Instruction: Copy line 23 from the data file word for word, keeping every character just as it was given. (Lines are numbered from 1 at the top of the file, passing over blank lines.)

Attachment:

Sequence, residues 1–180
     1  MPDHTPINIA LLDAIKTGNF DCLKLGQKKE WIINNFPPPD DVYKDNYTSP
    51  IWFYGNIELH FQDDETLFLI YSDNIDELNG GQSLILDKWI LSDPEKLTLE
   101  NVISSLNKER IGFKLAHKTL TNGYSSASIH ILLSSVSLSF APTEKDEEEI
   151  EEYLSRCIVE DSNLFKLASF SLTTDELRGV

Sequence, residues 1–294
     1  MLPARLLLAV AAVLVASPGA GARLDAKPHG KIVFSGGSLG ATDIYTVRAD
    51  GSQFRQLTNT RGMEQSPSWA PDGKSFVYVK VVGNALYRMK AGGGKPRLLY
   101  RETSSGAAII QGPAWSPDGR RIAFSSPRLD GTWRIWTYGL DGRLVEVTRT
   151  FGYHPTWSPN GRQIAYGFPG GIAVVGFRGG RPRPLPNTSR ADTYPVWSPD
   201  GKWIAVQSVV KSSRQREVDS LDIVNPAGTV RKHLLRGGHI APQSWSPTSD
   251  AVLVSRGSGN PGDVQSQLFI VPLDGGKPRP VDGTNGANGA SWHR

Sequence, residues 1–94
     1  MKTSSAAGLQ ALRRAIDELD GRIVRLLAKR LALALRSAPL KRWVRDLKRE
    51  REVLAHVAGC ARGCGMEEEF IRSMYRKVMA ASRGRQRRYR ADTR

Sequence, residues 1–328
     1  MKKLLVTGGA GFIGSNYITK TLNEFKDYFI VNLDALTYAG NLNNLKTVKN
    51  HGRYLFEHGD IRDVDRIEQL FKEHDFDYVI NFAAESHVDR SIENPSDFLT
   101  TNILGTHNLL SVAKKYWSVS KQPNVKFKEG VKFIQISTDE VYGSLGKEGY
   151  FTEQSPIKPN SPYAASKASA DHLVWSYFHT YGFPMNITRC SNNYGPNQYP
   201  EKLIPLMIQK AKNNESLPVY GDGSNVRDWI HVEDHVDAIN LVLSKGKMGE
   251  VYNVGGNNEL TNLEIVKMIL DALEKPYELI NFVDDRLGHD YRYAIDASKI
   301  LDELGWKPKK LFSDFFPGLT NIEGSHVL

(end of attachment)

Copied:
   301  LDELGWKPKK LFSDFFPGLT NIEGSHVL